Test Driven DevelopmentJul 20 2008
I had heard of Test Driven Development (TDD), an agile development technique, and I knew people I knew were using it. I started using it recently after I finally learned the philosophy behind TDD.
I had always understood it to be just a method of developing where you just make lots of unit tests. I've tried that and felt it was quite a lot of extra work, rather than just testing by hand as you go. I also thought it was mainly geared to Java-type development and not really web development. It turns out that it was boring and not beneficial because I was writing the tests after I wrote the code!
The secret to TDD is the whole "driven" part. You create the test before you write a single line of code. This makes you figure out what you want to do first, and forces you to structure the code in a way that makes testing easy. Basically, it forces each chunk of functionality to be in its own function, which makes the functionality more reusable.
Here's the basic process:
- Write a test.
- Run the test. Since you're writing a test before the functionality exists, it should definitely fail because you should be testing functionality that doesn't exist yet.
- Next, create the simplest thing that makes the test pass. You can even cheat here if it's easier. The sooner you see a passing test, the better.
- Once all the tests pass, you refactor your code to make it cleaner and more organized.
- Commit to version control (optional).
You should also make sure you add a test whenever a bug creeps up, or whenever you realise there's some rule or assumption that needs to be made. Essentially, you should make a test any time you change the code. Often enough, you'll surprise yourself that things don't work the way you expect.
It turns out to be a lot of fun, and psychologically rewarding. By that I mean that you have short problems and successes. You see a red bar, solve the problem, and see a green bar a few minutes later. It makes you feel confident that you're building a system that works perfectly as expected.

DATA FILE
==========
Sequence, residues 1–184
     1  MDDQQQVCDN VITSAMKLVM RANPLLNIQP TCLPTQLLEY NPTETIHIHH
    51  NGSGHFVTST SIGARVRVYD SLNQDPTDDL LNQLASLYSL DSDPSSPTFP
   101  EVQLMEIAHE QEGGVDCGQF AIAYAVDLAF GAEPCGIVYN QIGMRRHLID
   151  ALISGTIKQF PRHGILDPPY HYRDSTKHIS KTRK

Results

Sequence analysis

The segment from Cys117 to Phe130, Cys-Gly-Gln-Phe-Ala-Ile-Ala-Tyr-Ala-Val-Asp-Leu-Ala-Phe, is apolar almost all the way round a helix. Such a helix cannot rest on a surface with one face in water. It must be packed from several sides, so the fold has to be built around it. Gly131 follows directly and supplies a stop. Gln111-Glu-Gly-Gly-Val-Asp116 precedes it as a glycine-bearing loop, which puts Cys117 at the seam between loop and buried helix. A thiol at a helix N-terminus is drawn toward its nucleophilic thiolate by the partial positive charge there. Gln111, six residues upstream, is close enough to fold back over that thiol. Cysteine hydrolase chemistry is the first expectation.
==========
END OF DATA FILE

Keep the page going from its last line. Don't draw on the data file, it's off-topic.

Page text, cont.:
The tools are definitely there for you:
- For PHP and CodeIgniter, I highly recommend SimpleTest and/or SimpleTester for CodeIgniter. SimpleTest comes with lots of different test types, so you can test MVC controllers by loading URLs, clicking links, and making sure everything is there as expected.
- You can also do browser-side testing with Selenium.
- And of course, Ruby on Rails is well known for its built-in testing features.
But even once you have the tools, you might look at your code and wonder where to start. I know I did. Without frequent unit testing, it's easy to end up with different functionality combined across multiple functions.
But you have to start somewhere. For the next piece of functionality you want to add, create a test for it first. This means you'll have to decide where that code will go. But how will you test the output?
It might occur to you that you could test the code easily if it were put into a single function in a library somewhere. This might involve creating a new class separate from everything you've done prior. You can always reorganize your existing code out of it's scrambled mess and into a set of easily testable, separated libraries and classes. You just need to start somewhere.
For more information do a Google search - there's tons written about it, and there are certainly libraries available for all the languages and frameworks you use.